The Great Gatsby, F. Scott Fitzgerald’s ubiquitous and critically acclaimed novel, gets a musical makeover with obvious sites on Broadway. This glossy dissection of a corrosive American dream features notable Broadway, film, and TV talent, including Jeremy Jordan (Dolly Parton‘s grandson in our holiday favorite Joyful Noise) and Eva Noblezada, powerhouse vocalist who just completed a multi-year run in Hadestown.
Presented across the Hudson River at Paper Mill Playhouse in Milburn, New Jersey, the regional theater has previously incubated several shows before Broadway transfers, including Newsies (also starring Jordan) and Honeymoon in Vegas. Given the star power and hefty budget, producers hope this party will eventually roar and roll its way onto the Main Stem.
No Tea, No Shade
Nearly 100 years ago, The Great Gatsby entered the literature world with a meager whimper. Fitzgerald, who was already an established writer, had hoped that his book would make him solvent, but it was met with middling critical reviews and a commercial flop. Oh! If F. Scott could see it now. Since its publication, The Great Gatsby has been embraced by scholars and students, translated into 42 languages, and received four major film adaptations, the most recent being Baz Luhrmann’s 2013 version starring Leonardo DiCaprio and Carey Mulligan.
It’s also been a favorite for theater makers, having been transferred to a Broadway play shortly after the novel’s debut. An immersive and interactive Gatsby experience of the same spirit as Sleep No More recently came to New York after playing to sold-out crowds in London. Next year, Florence Welch of the indie-rock group Florence + the Machine will lend her composition skills to another musical production at Harvard’s American Repertory Theater. There have been off-Broadway, opera, and dance pieces in between, all inspired by one relatively short novella.
It’s easy to understand the love for Gatsby. On the surface, the universally human and relatable story of aspiration, lost love renewed and lost again, regret, doubt, fear, and ultimate tragedy give way to circumstances that aren’t exactly what they seem. Oh, the drama!
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Jay Gatsby (Jeremy Jordan) lives a life of ostentatious, curious wealth in a swanky part of Long Island. How did he get so rich? You’ll find out in due course. He loves to throw parties but sometimes doesn’t even attend himself. His new neighbor, Nick Carraway (Noah J. Ricketts, To My Girls), is a Yale grad whose cousin and known socialite Daisy Buchanan (Eva Noblezada) was a one-time flame for Jay.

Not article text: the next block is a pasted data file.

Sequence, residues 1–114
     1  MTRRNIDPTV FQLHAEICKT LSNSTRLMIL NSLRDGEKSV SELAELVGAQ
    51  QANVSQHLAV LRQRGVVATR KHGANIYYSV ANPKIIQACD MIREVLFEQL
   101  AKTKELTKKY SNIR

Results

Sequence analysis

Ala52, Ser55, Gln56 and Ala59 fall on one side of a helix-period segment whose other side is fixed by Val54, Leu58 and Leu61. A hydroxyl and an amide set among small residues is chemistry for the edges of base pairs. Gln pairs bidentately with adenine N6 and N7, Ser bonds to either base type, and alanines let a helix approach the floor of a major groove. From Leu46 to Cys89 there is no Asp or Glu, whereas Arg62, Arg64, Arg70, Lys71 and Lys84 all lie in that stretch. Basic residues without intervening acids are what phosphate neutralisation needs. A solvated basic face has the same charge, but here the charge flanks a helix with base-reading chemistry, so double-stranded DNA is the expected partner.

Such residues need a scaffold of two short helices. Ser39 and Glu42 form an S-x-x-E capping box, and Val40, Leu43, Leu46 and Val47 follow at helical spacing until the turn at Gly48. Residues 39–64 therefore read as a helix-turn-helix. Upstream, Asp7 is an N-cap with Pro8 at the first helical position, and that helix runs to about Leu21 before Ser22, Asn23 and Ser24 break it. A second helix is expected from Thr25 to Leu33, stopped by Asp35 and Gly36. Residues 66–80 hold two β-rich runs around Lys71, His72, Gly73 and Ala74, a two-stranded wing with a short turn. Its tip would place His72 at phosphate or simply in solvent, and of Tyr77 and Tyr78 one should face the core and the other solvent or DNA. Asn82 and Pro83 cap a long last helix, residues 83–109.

But now, Daisy is married to Tom (John Zdrojeski), an abusive, world-class *sshole. Despite giving off Patty Sheehan vibes, Daisy’s friend, Jordan Baker (Samantha Pauly), responds to Nick’s romantic advances. Tom, known for his infidelities, carries on with the dim gas station owner’s wife, Myrtle Wilson (Sara Chase). Parties ensue. Secrets are revealed. And a knock-down fight a la Dreamgirls at the Plaza Hotel, coupled with an automobile accident, ruin an otherwise perfect evening.
Let’s Have a Moment
Thirst trap, stage veteran, and Tony nominee Jordan is solid as leading man Jay Gatsby. Audiences may recognize his screen credits, which include The Last Five Years, Supergirl, and Smash, in addition to the Dolly Parton gig. His voice is in top form, and he carries the swagger of a well-heeled money man.
Fellow Tony nominee Noblezada’s grounding presence and gorgeous voice captivate. Her finest moment comes near the musical’s end with a regretful number, “Beautiful Little Fool.”
Ricketts, recently seen in the comedy Summoning Sylvia, who also appears in Showtime’s anticipated drama Fellow Travelers, is a dashing Nick who straddles complicity with contempt and is one of the most rational characters here. He also serves as the story’s narrator. The rest of this fine cast sounds great and looks even better in Linda Cho’s Prohibition-era costumes.
The Last Word
Paul Tate DePoo III has invented a visually sumptuous locale through his scenic and projection designs, combined with Cory Pattak’s vivid lighting. It’s a world we’d all want to inhabit (minus that fatal car crash). Jason Howland’s score delivers some catchy numbers, but some overly earnest ballads occasionally slow down the action or stretch the characters beyond the moment — even for a musical.
Howland’s score (which he also orchestrated) might benefit from some bigger brass or clearer nods to jazz and blues, while Nathan Tysen’s serviceable lyrics fail to mine the depths of the source material for those singing them. But the musical’s most obvious obstacle is Kait Kerrigan’s book, which often sidesteps Fitzgerald’s original text, which is rich with cultural themes — albeit difficult ones — that could offer a deeper explanation of who these characters are and their questionable actions.
Still, it’s a solid party. With some polishing, Gatsby could gleam brightly on Broadway.
The Great Gatsby runs at Paper Mill Playhouse through November 12, 2023.
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